Debbie Feinstein heads the firm's Global Antitrust group, and brings a wealth of experience to her practice in advising clients on a range of antitrust challenges before US antitrust authorities. She recently re-joined the firm from the US Federal Trade Commission (FTC), where she was Director of the Bureau of Competition. In that capacity, she was responsible for supervising the investigation and enforcement of the US antitrust laws against anticompetitive mergers and conduct. During her tenure, the FTC had substantial litigation success and a number of major merger wins, including challenges to Sysco Corp.'s acquisition of rival US Foods Inc., and Staples Inc.'s merger with Office Depot Inc. She had previously served at the FTC from 1989 to 1991 as Assistant to the Director of the Bureau of Competition and Attorney Advisor.
Throughout her career, Ms. Feinstein has focused on merger and acquisition reviews by antitrust enforcement agencies in the United States and globally, as well as civil investigations and litigation. Her industry experience is broad, and includes retail, food, consumer products, healthcare, chemicals, and automotive parts, among others. She was an associate at Arnold & Porter from 1987 to 1989 and from 1991 to 1995. Later, as a partner, she led the firm's US Antitrust group from 2010 to 2013.
Ms. Feinstein has been consistently lauded as a leading practitioner by Chambers USA and other ranking publications. The National Law Journal named her one of the most influential women lawyers in America and Global Competition Review recognized her as global "Lawyer of the Year" and named her to its international list of the "Top 100 Women in Antitrust." She has also been ranked by Super Lawyers as being among the top 50 women lawyers in Washington, DC.
- Sony Corporation of America and Sony/ATV Music Publishing in obtaining antitrust clearance for the client's $2.2 billion purchase of the music publishing business of EMI.
- General Electric Co. and NBC Universal in connection with the formation of the Comcast-NBCU joint venture investigated by DOJ, FCC, and various state attorneys general.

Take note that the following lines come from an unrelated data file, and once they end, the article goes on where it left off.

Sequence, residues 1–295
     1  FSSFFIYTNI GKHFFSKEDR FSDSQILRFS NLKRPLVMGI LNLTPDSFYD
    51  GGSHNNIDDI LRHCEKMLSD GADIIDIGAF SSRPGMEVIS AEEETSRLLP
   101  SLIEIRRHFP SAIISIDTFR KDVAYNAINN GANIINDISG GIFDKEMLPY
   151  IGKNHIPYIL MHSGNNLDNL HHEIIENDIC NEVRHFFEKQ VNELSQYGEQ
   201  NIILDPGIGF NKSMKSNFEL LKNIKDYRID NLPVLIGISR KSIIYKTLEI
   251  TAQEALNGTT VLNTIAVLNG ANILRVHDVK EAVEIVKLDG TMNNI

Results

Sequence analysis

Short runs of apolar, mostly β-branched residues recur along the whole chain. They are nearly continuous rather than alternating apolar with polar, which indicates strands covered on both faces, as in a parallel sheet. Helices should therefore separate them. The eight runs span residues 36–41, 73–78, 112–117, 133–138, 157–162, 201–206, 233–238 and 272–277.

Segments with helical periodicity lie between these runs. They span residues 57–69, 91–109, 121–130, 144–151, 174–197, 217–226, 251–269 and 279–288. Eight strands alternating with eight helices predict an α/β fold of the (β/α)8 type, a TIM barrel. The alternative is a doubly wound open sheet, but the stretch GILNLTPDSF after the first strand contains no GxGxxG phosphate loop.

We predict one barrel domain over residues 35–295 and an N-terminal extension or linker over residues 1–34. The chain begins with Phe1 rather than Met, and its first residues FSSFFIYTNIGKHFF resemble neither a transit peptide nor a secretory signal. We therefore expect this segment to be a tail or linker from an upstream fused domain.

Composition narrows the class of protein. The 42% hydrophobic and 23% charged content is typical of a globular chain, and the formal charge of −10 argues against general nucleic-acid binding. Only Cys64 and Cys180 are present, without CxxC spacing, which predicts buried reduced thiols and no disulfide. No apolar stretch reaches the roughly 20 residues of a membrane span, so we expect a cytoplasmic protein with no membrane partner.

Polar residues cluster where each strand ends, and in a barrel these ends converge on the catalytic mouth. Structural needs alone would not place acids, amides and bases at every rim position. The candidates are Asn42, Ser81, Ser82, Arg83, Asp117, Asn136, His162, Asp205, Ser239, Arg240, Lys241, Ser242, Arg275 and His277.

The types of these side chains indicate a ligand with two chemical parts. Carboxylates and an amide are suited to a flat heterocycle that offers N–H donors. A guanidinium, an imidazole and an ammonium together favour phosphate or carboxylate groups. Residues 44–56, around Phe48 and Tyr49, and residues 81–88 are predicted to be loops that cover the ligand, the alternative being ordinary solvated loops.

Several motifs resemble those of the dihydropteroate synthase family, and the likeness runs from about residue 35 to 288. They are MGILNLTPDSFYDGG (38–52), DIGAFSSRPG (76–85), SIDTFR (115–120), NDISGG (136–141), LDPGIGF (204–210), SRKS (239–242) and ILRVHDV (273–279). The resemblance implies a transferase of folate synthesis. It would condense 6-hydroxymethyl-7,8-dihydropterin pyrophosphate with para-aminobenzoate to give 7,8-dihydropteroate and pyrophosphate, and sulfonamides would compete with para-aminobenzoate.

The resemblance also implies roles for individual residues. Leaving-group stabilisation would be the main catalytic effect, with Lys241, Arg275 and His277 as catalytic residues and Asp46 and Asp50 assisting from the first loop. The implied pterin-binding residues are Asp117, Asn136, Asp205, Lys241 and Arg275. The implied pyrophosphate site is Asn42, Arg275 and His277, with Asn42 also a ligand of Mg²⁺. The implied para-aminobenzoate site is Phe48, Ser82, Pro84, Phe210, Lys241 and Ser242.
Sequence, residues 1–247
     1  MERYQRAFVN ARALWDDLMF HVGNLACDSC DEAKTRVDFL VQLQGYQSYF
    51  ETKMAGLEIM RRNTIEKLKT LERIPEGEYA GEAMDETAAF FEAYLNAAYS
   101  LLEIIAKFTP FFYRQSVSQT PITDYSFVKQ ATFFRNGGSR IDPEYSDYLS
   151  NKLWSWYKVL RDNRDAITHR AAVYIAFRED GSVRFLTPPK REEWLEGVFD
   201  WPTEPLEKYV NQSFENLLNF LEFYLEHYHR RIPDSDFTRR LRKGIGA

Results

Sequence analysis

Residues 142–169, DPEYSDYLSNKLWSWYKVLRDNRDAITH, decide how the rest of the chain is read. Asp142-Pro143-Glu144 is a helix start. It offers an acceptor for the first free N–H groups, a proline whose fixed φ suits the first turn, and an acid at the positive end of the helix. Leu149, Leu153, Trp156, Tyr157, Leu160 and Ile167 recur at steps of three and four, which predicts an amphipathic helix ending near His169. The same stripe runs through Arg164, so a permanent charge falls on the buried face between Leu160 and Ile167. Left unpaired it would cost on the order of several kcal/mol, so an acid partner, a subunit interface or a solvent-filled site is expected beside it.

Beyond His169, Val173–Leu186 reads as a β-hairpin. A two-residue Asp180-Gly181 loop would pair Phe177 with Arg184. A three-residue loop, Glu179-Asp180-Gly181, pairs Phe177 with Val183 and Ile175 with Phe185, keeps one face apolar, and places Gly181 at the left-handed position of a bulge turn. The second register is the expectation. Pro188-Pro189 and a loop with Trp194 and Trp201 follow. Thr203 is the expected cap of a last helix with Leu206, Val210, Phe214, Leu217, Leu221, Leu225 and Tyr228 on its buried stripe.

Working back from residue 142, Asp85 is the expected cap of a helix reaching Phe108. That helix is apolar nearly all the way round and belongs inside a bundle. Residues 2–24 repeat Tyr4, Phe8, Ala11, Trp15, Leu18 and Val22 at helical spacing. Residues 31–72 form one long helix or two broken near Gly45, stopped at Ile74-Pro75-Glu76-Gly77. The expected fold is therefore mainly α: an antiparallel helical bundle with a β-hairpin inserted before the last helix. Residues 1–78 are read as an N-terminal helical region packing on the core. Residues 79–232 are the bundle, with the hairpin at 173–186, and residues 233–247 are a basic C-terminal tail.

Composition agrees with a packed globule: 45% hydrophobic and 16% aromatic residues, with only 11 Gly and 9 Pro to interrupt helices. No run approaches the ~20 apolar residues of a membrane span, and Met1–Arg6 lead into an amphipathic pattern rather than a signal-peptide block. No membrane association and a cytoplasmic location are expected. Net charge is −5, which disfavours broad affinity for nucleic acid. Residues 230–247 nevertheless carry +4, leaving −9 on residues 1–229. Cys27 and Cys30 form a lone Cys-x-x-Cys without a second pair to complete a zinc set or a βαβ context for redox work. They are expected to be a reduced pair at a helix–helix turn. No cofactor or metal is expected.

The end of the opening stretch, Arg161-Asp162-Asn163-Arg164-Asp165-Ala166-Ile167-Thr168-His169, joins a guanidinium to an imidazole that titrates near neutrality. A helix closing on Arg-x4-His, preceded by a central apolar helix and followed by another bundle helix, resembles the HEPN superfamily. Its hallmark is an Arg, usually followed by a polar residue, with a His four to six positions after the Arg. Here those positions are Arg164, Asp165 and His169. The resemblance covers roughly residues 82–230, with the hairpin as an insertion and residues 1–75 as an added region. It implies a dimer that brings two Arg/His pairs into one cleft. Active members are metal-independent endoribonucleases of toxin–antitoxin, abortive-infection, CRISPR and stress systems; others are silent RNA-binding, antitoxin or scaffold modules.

- General Electric Co. in its $4.3 billion acquisition of Avio, an aircraft engine parts supplier.
- Boston Scientific Corporation, the world's largest medical device company dedicated to less-invasive medicine, in its $27 billion acquisition of Guidant. The transaction also included a $4 billion pre-closing divestiture to Abbott Laboratories of Guidant's endovascular solutions and vascular intervention businesses but allowed Boston Scientific to retain rights with respect to Guidant's drug-eluting stent portfolio.
- Loews Cineplex Entertainment Corporation in its merger with AMC Entertainment Inc. Together the firms will own or operate 334 theatres nationwide. The matter was resolved with the DOJ and various state attorneys general with the divestiture of only 10 theatres.
- The Kroger Co. in its $13.5 billion merger with Fred Meyer, Inc., successfully negotiated with the FTC to require the divestiture of only 8 stores. The combined company became, at the time, the largest grocery retailer in the United States.
- General Electric Corporation's $2.1 billion acquisition of Instrumentarium OYJ, a manufacturer of high-technology medical equipment.
- Phillip Morris and Kraft in their $18.9 billion acquisition of Nabisco Holdings Corporation, creating the world's largest food company. Negotiations with the FTC resulted in the divestiture of only minimal assets.
- Occidental Chemical Company in the $360 million purchase of Vulcan Materials Company's chemical assets.
- PepsiCo in its $14 billion acquisition of The Quaker Oats Company. The merger strengthened PepsiCo's food businesses and added Gatorade, the leading sports drink brand, to its portfolio.
- Meritor Automotive in its merger with Arvin Industries to become ArvinMeritor, a leading automotive industry supplier.
- Genzyme's acquisition of Novazyme. The acquisition combined the only two companies performing research and development on a rare disease.
- Unilever in the acquisition of Alberto Culver and in the sale of its Lawry's & Adolph's spice/seasonings business to McCormick .
- JD, Harvard Law School
- AB, University of California, Berkeley
- District of Columbia